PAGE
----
SFU study finds biological explanation for youth bullying
A study from SFU researchers provides new evidence for why the widespread problem of bullying continues to persist. The study finds that youth bullying may be derived from evolutionary development, providing implications for approaching anti-bullying strategies in schools.
Supporters of evolutionary process theory (EPT) argue that there is a biological explanation for bullying – it may be an adaptive behavior that provides individuals with higher status. The results of this study show that bullies do gain specific benefits from their aggression.
“The results do not, by any means, suggest that bullying is ‘ok’ because it may have genetic explanations. Research consistently demonstrates negative implications of bullying in both the short- and long-term, and it should not be acceptable in our schools,” says SFU criminologist Jennifer Wong, lead researcher on the study. “However, this information is useful because it provides us with new options for addressing bullying behaviour.”
Researchers compared the psychological health of 133 Vancouver high school students involved in bullying interactions. Based on responses to a standard bullying questionnaire, students were divided into four groups: bullies, victims, bully/victims, and bystanders.
Bullies had the lowest levels of depression, the highest levels of self-esteem, and the highest levels of social status. The findings lend support to the suggestion that youth bullying confers social hierarchy advantages to bullies and may have evolved through sexual selection.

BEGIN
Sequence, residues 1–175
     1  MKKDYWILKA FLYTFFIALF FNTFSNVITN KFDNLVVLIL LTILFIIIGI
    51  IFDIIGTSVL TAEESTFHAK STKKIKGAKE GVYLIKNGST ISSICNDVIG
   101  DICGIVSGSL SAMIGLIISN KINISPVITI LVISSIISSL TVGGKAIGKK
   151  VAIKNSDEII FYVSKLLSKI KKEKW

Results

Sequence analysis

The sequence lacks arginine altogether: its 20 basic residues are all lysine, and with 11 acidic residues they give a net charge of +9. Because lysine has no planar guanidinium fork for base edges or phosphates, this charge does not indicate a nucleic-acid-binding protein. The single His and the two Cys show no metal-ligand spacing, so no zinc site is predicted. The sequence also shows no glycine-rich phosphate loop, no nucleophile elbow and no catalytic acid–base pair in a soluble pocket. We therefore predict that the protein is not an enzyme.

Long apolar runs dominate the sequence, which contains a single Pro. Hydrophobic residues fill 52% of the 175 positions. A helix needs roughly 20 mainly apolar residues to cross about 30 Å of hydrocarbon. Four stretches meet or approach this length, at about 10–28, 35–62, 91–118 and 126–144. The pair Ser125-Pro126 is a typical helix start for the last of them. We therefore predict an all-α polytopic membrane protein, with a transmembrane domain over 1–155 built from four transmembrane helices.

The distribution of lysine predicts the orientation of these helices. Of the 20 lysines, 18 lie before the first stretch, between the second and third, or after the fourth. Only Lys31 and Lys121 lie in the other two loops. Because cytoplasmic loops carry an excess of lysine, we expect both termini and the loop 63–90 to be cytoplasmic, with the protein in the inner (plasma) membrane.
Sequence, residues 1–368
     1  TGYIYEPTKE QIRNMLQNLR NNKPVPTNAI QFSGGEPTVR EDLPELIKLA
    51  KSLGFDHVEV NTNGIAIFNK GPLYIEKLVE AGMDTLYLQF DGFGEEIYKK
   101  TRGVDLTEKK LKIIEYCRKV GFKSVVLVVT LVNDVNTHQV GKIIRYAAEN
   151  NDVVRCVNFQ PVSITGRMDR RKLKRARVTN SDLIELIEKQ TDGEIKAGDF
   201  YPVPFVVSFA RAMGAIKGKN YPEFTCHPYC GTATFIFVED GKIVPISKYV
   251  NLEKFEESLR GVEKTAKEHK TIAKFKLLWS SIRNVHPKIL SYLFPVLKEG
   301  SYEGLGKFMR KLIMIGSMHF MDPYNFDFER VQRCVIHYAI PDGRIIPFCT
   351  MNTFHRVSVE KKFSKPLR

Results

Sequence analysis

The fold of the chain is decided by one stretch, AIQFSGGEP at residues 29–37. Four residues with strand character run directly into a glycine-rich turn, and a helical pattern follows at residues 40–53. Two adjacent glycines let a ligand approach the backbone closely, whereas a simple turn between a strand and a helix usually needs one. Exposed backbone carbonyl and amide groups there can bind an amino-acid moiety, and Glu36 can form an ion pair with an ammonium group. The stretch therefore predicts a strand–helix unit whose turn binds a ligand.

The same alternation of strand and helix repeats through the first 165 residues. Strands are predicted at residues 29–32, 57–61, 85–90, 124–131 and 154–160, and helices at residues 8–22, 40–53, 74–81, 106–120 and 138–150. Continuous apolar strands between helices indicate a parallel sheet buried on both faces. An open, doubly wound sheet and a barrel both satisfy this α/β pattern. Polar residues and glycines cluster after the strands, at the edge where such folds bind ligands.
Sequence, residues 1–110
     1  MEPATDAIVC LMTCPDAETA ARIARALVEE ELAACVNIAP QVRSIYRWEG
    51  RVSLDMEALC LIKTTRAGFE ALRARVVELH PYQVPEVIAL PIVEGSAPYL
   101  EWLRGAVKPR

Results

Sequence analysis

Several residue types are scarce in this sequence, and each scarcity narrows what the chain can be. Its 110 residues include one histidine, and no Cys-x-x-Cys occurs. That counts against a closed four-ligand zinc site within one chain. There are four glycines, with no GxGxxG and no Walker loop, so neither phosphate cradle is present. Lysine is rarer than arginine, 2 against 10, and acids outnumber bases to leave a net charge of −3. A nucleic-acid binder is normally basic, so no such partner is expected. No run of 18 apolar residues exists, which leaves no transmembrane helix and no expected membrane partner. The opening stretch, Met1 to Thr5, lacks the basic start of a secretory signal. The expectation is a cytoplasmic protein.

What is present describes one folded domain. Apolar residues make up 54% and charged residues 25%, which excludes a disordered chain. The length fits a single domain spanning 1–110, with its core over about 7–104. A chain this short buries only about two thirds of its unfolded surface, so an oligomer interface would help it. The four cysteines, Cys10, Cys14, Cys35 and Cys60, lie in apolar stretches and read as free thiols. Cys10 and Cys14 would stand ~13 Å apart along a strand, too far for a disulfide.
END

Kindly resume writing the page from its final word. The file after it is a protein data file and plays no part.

Recent research by Wong and other scholars shows that current bullying prevention programs have small but positive effects at reducing levels of victimization, but questionable effects at reducing levels of bullying. This may be because programs base their tactics on the premise that youth bullying is the outcome of maldevelopment, and believe that bullies can learn to stop their destructive behaviours.
“We advocate re-directing bullying tendencies to more productive and constructive channels, including supervised competitive activities. This would allow youths to demonstrate their prowess and establish rank in a safer environment without victims,” says Wong.
“Competition should not be limited to traditional athletic or academic activities, but should be expanded to include artistic and creative endeavours so that all students can find something for which they have an existing proficiency or an interest in developing competency. In other words, all students should have the opportunity to find some area in which they can compete and experience feelings of status.”
The study, “Survival of the Fittest and the Sexiest: Evolutionary Origins of Adolescent Bullying” was recently published in the Journal of Interpersonal Violence. The study is a pilot project based on a small sample of students, and the results should be considered preliminary. The researchers are in the process of seeking funding to be able to implement this research in a much larger sample.